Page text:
Shimazu Munehisa (島津宗久)
The fifth head of the Shimazu soke (the head family), and the first son (1322 - 1340) of Sadahisa SHIMAZU.
The second head of the Izaku family (year of birth unknown - 1354), which was a branch family of the Shimazu clan.
Munehisa SHIMAZU (Shimazu soke)
Munehisa SHIMAZU (1322 - May 21, 1340) was the eldest legitimate son of Sadahisa SHIMAZU. He was the strongest candidate for succeeding the family head, but died when he was only at the age of 19. Due to his early death, his younger brothers, Ujihisa SHIMAZU and Morohisa SHIMAZU, fought over the division of Shugo's (a provincial military governor) territory, and the Shimazu clan split into two families: the Oshu family (Shimazu clan) and the Soshu family (Shimazu clan).
Munehisa SHIMAZU (the Izaku family)
Munehisa SHIMAZU (year of birth unknown - July 13, 1354) was a man from Satsuma Province who lived from the end of the Kamakura period to the early Muromachi period. The second head of the Izaku family, a branch family of the Satsuma Shimazu clan. His father was Hisanaga SHIMAZU, the first head of the Izaku family. His childhood name was Tokjumaru, and his official court ranks were sakyo no suke and Osumi no kuni no kami (Governor of Osumi Province). His wife was the daughter of Tadamune SHIMAZU, the fourth family head of the Shimazu soke, and he had a son named Chikatada SHIMAZU (the forth family head of the Izaku family).
The second head of the Izaku family. In 1317, he succeeded the head of the family from his father, Hisanaga SHIMAZU. The gokenin (an immediate vassal of the shogunate in the Kamakura and Muromachi through Edo periods) at the time were suffering from the expenditure due to Mongol invasion attempts against Japan, and had made a living by selling land they inherited from ancestors and borrowing money from merchants. By permission from the bakufu, Munehisa acted as an arbitrator for the gokenin and the merchants.
In 1333, when Emperor Godaigo rose in revolt against the bakufu and urged the Gozoku (local ruling family) of various places to rise to action, Sadahisa SHIMAZU who was the fifth head of the Shimazu soke joined the forces of overthrowing the Shogunate. Munehisa joined in the war with Sadahisa. They attacked Hidetoki HOJO of the Kyushu Tandai (local commissioner in Kyushu region) and won victory. A year later, the new government by Emperor Godaigo began, but reward grants were not given to Munehisa. Therefore, he reported to the Emperor, and his shoryo (territory) was increased.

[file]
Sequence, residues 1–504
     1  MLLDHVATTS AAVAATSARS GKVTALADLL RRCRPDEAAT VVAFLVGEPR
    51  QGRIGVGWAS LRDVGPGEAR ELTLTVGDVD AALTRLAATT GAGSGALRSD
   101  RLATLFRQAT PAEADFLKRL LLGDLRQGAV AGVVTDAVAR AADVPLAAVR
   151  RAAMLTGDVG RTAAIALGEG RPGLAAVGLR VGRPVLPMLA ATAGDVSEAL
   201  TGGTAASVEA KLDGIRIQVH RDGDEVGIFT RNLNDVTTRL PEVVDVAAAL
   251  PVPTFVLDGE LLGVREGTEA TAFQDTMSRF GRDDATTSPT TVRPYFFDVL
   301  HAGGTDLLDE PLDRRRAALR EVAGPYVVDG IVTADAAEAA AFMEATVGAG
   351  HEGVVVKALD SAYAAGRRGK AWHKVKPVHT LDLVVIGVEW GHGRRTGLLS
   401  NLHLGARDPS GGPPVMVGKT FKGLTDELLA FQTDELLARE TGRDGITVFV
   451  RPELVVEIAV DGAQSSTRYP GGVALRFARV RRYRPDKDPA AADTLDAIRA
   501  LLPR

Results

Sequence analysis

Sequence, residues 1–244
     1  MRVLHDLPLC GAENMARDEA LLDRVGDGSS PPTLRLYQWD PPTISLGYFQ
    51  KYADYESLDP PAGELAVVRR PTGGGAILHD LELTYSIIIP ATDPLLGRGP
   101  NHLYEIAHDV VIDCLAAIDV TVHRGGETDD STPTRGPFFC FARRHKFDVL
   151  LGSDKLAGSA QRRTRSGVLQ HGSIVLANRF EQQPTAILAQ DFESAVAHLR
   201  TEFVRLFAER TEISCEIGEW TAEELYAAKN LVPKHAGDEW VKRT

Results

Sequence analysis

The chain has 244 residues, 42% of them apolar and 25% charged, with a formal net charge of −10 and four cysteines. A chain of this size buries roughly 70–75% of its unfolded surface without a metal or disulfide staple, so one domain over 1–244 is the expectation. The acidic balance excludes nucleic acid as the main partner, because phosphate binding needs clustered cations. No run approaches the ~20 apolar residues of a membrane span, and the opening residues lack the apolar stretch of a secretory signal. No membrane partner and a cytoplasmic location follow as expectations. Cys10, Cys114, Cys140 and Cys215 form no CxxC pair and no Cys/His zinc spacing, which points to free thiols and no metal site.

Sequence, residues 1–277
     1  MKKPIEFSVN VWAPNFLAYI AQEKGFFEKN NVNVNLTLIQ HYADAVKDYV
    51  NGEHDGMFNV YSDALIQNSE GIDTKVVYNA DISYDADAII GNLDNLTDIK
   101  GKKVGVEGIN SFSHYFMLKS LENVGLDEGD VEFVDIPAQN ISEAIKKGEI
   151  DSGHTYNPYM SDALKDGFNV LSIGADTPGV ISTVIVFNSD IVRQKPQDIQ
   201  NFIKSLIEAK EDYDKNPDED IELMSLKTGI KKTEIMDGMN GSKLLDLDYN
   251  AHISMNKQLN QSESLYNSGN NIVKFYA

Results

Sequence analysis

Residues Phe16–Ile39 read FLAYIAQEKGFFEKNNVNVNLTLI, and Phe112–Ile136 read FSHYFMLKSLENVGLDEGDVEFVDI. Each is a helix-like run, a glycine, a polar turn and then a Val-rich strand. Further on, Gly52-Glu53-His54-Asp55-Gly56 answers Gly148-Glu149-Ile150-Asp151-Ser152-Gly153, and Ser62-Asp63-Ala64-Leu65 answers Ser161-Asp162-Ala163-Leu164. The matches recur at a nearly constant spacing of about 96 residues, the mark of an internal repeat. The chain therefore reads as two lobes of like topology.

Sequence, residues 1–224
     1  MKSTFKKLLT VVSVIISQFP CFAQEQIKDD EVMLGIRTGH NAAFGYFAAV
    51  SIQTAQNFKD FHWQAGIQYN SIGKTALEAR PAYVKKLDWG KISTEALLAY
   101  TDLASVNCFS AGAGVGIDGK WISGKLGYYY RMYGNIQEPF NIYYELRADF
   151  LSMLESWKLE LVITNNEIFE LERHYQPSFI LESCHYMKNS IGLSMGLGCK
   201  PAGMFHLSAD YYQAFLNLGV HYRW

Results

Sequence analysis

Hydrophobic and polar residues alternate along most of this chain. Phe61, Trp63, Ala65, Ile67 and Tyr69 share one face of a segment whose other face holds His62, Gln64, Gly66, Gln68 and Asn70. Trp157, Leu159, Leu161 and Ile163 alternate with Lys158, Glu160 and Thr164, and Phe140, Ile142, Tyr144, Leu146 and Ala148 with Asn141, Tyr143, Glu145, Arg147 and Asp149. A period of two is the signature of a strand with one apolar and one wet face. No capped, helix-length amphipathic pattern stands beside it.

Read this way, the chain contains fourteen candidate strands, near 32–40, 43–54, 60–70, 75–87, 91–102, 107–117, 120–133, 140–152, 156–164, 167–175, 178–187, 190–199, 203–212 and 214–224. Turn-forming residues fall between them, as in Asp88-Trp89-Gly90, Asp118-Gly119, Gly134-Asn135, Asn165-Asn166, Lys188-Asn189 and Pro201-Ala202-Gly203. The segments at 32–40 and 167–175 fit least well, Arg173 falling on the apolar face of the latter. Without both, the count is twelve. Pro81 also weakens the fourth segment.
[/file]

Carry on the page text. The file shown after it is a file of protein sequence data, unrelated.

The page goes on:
In 1335, a riot broke out between Emperor Godaigo and Takauji ASHIKAGA. When Sadahisa affiliated with Takauji's side, Munehisa, too, acted likewise. A year later, when Takauji was defeated by the Southern Court (Japan) and fled to Kyushu, the Shimazu family was ordered to subjugate the Southern Court power of Satsuma and Osumi, and Munehisa made military exploits under Sadahisa's lead. When Takauji invaded Kyoto, Munehisa joined the army with his family, and won back Kyoto.
In 1337, when Munehisa who was in Kyoto and heard of his father, Hisanaga, at his hometown being attacked by the Southern Court, he asked Takauji through Sadahisa to let him return home. By permission of Takauji, he went home with Yorihisa KAWAKAMI who was Sadahisa's child born out of wedlock. He was ordered to subjugate Southern Court power in the Nansatsu area. In 1340, when Sadahisa returned and started winning back areas that were invaded by the offense of Tadakuni IJUIN, Munehisa joined him. In 1342, when Imperial Prince Kaneyoshi arrived to Satsumataniyama as Seisei shogun no Miya, the bakufu demanded Munehisa to join the fray. When Tadakuni IJUIN invaded Izaku in 1346, Muhehisa was defeated and besieged in his residing castle.
When an internal strife occurred in bakufu, and Naoyoshi ASHIKAGA, a younger brother of Takauji, was expelled in 1349, Naofuyu ASHIKAGA, who was Takauji's child and Naoyoshi's adoptive child, sensed danger and hid himself in Kyushu. A year after this, the bakufu gave Munehisa a command to capture Naofuyu. However, the situation inside bakufu completely changed allowing Naoyoshi to return, and since Naofuyu took the post as Kyushu tandai, subjugation was called off. When the father and his son, Takauji and Yoshiakira, surrendered to the Southern Court to settle disputes inside the bakufu, Sadahisa and Munehisa reverted together to the Southern Court and attacked Naofuyu. Afterwards, they followed Takauji as he again turned his back toward the Southern Court, and went with the current of the bakufu from beginning to end. In 1354, he handed over the head of the family to his first son, Chikatada. He died soon after this. His homyo (priest's name or posthumous Buddhist name) was Dokei Daizenjomon.